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Despite Excellent Gold Cup, Landon Donovan Has Not Earned Automatic Selection

landon donovan2 Despite Excellent Gold Cup, Landon Donovan Has Not Earned Automatic Selection

All of the headlines and analysis over the course of the last three weeks has been about how Landon Donovan has forced his way back into the United States starting XI with his performances against lesser competition and the Costa Rican “B” side (or in Honduras’ case almost a “C” side) in the Gold Cup.

The narrative that has been written states Donovan is still one of the most influential players for the US Men’s National Team and must start in remaining World Cup qualifiers and next summer in Brazil. While that narrative has been crafted without the type of critical analysis needed to come to such a conclusion given the poor level of competition, let me offer a countering view. Though I preface this by stating the established narrative may very well play out.

On Sunday, Donovan again struggled in a big game, and since 2006 more often than not the former USMNT talisman has gone missing on the big occasions. In the current US men’s national team, Clint Dempsey, Michael Bradley, Jozy Altidore and Jermaine Jones all have a more positive and consistent influence on proceedings for the national team.

No question exists that Donovan’s Gold Cup was largely positive until Sunday but simply shoving Graham Zusi out of the way is not justified based on performances on home soil against the likes of Guatemala, Belize, Cuba and El Salvador.

In this qualifying cycle, the Sporting Kansas City winger has shown great quality and resolve in matches against the top CONCACAF sides sporting their top selection of players. He has proven with his daring runs and excellent crosses that he belongs in the 4-2-3-1 formation Jürgen Klinsmann has been favoring.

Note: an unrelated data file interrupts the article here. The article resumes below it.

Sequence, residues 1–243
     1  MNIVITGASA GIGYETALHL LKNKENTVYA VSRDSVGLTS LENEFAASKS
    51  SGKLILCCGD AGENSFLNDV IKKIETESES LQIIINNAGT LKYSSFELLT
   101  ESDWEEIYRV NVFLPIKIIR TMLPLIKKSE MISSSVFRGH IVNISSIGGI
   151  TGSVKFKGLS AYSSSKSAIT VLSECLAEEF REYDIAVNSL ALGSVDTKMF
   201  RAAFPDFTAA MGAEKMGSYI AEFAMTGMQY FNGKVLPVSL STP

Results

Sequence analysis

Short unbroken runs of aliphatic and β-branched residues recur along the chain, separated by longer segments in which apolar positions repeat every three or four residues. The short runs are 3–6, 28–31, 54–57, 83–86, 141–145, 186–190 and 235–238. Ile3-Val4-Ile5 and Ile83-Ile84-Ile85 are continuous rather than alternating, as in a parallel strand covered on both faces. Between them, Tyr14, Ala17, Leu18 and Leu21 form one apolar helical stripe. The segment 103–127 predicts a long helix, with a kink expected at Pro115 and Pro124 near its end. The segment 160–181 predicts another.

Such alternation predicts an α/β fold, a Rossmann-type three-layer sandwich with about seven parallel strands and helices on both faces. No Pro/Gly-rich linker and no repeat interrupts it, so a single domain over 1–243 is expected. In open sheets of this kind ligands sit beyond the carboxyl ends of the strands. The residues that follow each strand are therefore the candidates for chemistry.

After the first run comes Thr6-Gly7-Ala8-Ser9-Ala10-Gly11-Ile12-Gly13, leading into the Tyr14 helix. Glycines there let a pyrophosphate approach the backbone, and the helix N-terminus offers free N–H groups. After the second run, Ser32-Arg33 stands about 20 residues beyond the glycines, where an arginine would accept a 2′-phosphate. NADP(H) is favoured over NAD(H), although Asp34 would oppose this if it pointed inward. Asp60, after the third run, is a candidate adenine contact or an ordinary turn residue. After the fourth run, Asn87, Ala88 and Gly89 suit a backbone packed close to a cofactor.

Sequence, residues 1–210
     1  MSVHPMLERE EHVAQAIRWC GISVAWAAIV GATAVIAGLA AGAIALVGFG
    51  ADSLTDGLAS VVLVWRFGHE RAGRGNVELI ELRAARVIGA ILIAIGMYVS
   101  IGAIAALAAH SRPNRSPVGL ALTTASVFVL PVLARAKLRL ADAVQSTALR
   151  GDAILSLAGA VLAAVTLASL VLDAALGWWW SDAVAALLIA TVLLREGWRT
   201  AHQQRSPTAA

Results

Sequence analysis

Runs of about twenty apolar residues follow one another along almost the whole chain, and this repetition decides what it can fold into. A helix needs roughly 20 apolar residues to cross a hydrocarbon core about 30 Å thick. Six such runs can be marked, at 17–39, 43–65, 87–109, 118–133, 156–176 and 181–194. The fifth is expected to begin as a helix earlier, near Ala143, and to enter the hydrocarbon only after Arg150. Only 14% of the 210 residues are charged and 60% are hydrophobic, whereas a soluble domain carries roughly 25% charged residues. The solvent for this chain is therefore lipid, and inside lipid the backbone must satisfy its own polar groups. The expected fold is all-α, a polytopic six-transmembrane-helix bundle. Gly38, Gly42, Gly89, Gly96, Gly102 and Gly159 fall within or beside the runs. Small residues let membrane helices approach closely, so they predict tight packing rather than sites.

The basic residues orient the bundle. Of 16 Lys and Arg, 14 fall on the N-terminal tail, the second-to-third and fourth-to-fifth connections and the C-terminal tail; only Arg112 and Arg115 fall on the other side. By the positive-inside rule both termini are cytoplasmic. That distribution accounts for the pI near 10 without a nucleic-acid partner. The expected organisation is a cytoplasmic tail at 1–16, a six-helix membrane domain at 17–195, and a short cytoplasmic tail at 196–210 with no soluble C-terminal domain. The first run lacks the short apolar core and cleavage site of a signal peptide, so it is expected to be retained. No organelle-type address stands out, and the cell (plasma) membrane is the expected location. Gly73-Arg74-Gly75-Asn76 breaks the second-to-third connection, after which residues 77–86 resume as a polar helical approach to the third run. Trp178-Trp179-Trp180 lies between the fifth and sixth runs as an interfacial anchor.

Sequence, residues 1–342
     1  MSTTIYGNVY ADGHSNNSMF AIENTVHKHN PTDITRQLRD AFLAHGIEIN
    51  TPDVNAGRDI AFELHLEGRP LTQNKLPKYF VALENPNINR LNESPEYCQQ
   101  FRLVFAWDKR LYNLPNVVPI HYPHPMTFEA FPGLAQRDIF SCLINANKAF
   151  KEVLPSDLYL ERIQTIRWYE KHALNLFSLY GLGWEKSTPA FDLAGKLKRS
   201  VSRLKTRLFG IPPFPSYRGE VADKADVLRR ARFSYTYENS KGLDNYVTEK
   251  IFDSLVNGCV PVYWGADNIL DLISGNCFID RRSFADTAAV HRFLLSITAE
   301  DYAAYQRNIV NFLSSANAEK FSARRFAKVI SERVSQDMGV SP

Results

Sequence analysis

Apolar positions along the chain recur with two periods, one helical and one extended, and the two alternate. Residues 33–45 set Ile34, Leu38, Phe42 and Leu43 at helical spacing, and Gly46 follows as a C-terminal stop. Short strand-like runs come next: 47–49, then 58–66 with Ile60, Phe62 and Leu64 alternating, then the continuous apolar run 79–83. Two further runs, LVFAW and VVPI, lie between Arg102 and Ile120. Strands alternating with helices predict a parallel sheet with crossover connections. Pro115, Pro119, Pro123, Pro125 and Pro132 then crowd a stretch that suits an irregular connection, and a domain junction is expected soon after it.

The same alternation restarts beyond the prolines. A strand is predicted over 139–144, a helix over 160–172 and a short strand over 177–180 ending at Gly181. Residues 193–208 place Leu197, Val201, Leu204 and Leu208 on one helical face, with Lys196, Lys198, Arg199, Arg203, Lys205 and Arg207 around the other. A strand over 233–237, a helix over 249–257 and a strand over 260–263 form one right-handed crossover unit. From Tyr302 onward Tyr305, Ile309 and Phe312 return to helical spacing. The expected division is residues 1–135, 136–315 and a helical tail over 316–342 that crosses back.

That would leave the other wing where Eddie Johnson, perhaps the most influential attacking player for the USMNT in the last three Gold Cup games plays.  Both Zusi and Johnson played an important role in the perfect qualifying haul for the United States in June. The United States won all four June matches including a spectacular 4-3 victory in Washington against Germany to celebrate the US Soccer Federation Centennial.  Both players showed the quality, commitment and consistency demonstrated in recent qualifiers.

If Donovan isn’t going to start on either flank, he certainly isn’t going to replace Clint Dempsey in the center of the pitch right behind Jozy Altidore either. Klinsmann can use the August friendly in Bosnia to tinker with things but when qualifying resumes in September he’d be best served to simply pick up where the “A” team left off, with the same midfield. Donovan can certainly serve as an impact substitution but should not start the September qualifiers.

What happens after September when the USA presumably will clinch qualification is another matter entirely. But at this point all Donovan has earned is a chance with the “A” team again, not an assured position as a starter. To give him a starting spot at this moment would displace either a deserving Zusi or Johnson.

Landon Donovan showed character, spirit and spunk in his return to the USMNT this summer. Still, his position is not set in stone. He needs to prove his ability to influence matches against top level competition before being brought right back into the side.


About Kartik Krishnaiyer

A lifelong lover of soccer, the beautiful game, he served from January 2010 until May 2013 as the Director of Communications and Public Relations for the North American Soccer League (NASL). Raised on the Fort Lauderdale Strikers of the old NASL, Krishnaiyer previously hosted the American Soccer Show on the Champions Soccer Radio Network, the Major League Soccer Talk podcast and the EPL Talk Podcast. His soccer writing has been featured by several media outlets including The Guardian and The Telegraph. He is the author of the book Blue With Envy about Manchester City FC.
View all posts by Kartik Krishnaiyer →